“Life is a journey, not a destination”, is a quote by Ralph Waldo Emerson, and I see Arrival as an adoption of that phrase. This is arguably the most mysterious and obscure alien thriller, to come out in a long while. As I don’t want to spoil anything, I’m keeping this review short and sweet.
The film’s premise hinges on the idea that language shapes reality. When 12 mysterious alien spaceships touch down around the world, it’s up to the linguistic professor, Louise Banks (Amy Adams) and a special team of scientists and investigators, to try and find a way to communicate with them. In a race against time, Louise must learn the aliens’ mind-bending language, as the world is on the verge of a global war.
Arrival is an impressive take on the alien invasion story and a refreshing addition to the science fiction genre. The film gives us a band of eerie alien space crafts, then the story unravels in an unnerving and chest-tightening fashion. There’s almost no action, but instead, we are given a film that completely values the art of storytelling. It’s introspective and philosophical, and the actual invasion is unlike any other portrayed in a science fiction film. There have been so many invasion movies over the decades; Arrival is definitely one of the most original I’ve seen.
Just like much of Denis Villeneuve’s previous work, Arrival is a subdued and tense, interested in the subtleties of human interactions and behaviour. The film spends more time focusing on Louise, and the way she deals with the situation than the aliens themselves. We don’t even see the mysterious extra-terrestrial beings until she witnesses them first, so the whole film is from Louise’s perspective.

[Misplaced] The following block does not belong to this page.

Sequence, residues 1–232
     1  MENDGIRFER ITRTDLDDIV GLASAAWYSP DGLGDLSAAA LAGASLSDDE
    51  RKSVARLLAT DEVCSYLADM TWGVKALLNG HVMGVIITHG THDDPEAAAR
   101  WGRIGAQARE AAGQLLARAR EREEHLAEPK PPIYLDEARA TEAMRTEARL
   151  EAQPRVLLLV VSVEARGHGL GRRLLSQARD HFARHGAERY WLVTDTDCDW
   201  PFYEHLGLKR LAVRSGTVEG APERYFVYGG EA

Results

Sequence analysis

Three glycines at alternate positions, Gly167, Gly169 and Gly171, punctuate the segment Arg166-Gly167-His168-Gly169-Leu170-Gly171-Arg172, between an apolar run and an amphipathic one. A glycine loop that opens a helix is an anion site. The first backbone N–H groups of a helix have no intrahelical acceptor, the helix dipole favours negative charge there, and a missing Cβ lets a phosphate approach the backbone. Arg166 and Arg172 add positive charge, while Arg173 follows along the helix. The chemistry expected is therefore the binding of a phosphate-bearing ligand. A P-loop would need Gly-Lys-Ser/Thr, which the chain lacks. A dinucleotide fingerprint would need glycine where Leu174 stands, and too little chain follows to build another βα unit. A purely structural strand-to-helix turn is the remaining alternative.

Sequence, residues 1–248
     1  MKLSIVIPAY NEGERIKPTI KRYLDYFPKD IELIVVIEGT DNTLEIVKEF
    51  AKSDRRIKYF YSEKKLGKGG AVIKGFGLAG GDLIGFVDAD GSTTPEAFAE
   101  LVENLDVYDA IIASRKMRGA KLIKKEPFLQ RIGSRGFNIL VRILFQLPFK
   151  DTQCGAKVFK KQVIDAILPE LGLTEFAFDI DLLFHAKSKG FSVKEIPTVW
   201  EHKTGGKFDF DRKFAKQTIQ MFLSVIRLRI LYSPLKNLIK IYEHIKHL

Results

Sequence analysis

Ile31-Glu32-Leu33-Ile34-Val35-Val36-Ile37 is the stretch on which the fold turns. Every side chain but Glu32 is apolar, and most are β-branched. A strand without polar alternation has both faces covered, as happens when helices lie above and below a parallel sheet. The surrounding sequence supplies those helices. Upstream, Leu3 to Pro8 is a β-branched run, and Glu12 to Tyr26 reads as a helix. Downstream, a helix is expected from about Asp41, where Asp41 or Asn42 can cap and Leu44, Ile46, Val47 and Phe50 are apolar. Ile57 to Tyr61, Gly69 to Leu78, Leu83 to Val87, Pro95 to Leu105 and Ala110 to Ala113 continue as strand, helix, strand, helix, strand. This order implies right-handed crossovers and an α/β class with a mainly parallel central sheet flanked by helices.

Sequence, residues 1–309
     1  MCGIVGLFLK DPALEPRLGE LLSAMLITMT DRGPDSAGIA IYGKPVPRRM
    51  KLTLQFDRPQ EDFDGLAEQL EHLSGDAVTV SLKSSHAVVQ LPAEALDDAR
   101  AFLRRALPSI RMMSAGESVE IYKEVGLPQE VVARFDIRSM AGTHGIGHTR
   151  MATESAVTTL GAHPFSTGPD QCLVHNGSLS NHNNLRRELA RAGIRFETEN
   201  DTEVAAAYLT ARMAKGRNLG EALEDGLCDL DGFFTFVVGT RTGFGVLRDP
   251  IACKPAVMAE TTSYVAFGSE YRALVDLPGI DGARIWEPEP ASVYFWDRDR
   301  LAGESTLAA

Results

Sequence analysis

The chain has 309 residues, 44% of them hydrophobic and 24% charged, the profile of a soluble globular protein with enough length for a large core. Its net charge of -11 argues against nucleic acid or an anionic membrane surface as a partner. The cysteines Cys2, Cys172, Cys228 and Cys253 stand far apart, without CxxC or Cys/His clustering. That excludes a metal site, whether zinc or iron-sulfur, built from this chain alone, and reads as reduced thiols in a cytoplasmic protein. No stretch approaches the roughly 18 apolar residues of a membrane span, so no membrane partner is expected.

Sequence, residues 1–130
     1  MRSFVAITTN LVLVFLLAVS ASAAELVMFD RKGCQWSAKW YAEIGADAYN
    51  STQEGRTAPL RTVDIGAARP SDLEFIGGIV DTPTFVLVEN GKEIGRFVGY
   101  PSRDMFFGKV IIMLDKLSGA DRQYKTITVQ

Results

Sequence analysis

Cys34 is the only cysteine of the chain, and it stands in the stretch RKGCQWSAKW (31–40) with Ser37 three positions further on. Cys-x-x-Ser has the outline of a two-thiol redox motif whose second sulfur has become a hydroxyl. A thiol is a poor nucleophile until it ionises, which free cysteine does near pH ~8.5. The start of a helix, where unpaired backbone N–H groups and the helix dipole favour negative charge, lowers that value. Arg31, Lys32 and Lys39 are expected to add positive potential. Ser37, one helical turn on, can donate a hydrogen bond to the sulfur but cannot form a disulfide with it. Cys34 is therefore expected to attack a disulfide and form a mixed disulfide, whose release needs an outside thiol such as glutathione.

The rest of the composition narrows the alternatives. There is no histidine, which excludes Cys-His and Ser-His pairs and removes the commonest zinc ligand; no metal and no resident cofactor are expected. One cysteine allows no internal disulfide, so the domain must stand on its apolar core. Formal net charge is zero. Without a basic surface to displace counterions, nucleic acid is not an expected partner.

I loved Amy Adams’ performance. She’s an unassuming hero that’s well easy to root for. You instantly get behind her character, as she fearlessly tackles the alien’s complicated symbols, trying to break down the barriers between language and thought.
Arrival is a gripping and brilliantly executed story, that keeps you hooked on the strength of its ideas and concepts. I found myself deeply immersed in the story, but I will say that this film isn’t for everyone. It’s a million miles apart from Independence Day, which relies on ‘fist-pumping’ and mindless action. So, if you prefer that sort of thing, then Arrival isn’t for you.
But for me, it’s one of the best films of 2016. The film has much to say about the importance of communication. It’s a dizzying, but dazzling flick that’s open to interpretation. You’ve just got to watch it.
Check out the trailer below!
Quoted: “If you could see your whole life laid out in front of you, would you change things?”
Director: Denis Villeneuve
Writers: Eric Heisserer (Screenplay), Ted Chiang (Based on the story by)
Stars: Amy Adams, Jeremy Renner, Forest Whitaker.
Distributor: FilmNation Entertainment (Worldwide)
Run Time: 116 min.
Have you seen Arrival? Let me know your thoughts on this film in the comment section!